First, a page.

Instead of healing, people continue to be bombarded by war and destruction. They lack the benefits of an effective government that understands their needs in the face of loss, grief and anger. Foreign powers intervening in the country have not been up to task either. The governments they have been supporting and financing were weak. Afghans’ willingness to obey laws and assume responsibility has been allowed to keep eroding.

Beyond a tendency to lawlessness, the decades of conflict have fostered a streak of belligerence and aggression in a people that once had been peaceful. There is resistance to change. Although some modernisation is taking place in Kabul, most people adhere to traditional, tribal ways of life. Unlike other ties, moreover, tribal identities still inspire a sense of mutual trust.


The country has become inward-looking. While tourists were welcomed in the 1960s and 1970s, foreigners are now viewed with suspicion. This attitude was promoted by leaders on both sides during the Soviet-Afghan War. Both were eager to discredit the foreign powers supporting their rivals. The lasting result was an increased sense of xenophobia.

There also has been a marked change in the way Afghans view their religion. Before the Soviet-Afghan War, Afghans practiced Islam in a socio-cultural manner and not as a political movement. The Soviet occupation and the proxy war that followed changed that, making religion a politically defining factor.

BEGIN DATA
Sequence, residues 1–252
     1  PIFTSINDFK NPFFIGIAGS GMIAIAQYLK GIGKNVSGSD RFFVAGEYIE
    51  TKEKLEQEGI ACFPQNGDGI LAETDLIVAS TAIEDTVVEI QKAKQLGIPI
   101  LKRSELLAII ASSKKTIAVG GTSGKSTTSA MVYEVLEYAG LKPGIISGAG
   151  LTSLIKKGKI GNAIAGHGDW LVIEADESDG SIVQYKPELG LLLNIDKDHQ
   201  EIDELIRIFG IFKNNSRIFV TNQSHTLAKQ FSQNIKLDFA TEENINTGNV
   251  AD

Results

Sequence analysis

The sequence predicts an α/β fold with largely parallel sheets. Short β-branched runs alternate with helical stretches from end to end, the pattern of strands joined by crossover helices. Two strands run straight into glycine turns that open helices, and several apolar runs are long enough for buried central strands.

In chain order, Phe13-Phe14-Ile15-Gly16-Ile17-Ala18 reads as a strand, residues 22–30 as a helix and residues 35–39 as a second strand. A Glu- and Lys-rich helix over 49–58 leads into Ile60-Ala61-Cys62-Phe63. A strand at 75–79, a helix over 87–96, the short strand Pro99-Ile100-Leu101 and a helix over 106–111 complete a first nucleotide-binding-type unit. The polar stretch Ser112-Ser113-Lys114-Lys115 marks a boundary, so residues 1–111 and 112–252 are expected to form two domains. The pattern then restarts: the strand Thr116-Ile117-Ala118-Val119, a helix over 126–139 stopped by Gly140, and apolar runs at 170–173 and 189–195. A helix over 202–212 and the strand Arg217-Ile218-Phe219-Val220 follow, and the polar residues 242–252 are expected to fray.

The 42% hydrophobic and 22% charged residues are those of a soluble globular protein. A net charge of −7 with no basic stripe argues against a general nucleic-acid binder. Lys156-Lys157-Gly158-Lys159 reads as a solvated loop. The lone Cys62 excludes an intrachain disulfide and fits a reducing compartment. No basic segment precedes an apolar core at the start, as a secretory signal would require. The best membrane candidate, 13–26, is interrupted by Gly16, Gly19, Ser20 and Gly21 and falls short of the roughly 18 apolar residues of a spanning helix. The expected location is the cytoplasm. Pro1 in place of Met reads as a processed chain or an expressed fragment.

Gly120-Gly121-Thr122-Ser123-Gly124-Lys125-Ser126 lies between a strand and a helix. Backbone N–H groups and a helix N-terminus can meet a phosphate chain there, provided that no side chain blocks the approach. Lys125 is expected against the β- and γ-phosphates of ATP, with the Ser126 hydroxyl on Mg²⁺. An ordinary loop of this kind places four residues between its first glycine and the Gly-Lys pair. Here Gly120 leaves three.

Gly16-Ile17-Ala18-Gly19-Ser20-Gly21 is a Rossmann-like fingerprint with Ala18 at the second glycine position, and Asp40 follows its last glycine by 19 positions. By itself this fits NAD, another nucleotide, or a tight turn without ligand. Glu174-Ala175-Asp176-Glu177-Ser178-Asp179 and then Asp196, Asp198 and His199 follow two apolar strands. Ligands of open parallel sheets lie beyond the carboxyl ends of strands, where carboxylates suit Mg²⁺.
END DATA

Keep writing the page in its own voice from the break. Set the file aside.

During the Soviet occupation, traditional Afghans rejected Soviet propaganda against religion and many of them became radicalised. The USA along with its allies Pakistan and Saudi Arabia encouraged the trend toward religion-inspired fighting. Faith-based ideology obviously proves to be powerful in both Pakistan and Saudi Arabia. Islamist extremists who fought the Soviets received huge amounts of financial and military support.

The Soviets and their Afghan proxies played a part in this trend as well. The so called nouveau Afghan-communists tried to force social change without considering people’s religious and cultural sensibilities. Soviet-backed Afghans used harsh methods to impose anti-religion reforms. That made many Afghans receptive to the Islamist message of religion-based resistance.

A country does not fall apart in a year, or even in a decade. It deteriorates slowly over decades. This, unfortunately, is what has happened in Afghanistan. And equally unfortunately, it may take decades more to repair the massive damage done.

Nawid Paigham is a political and economic analyst.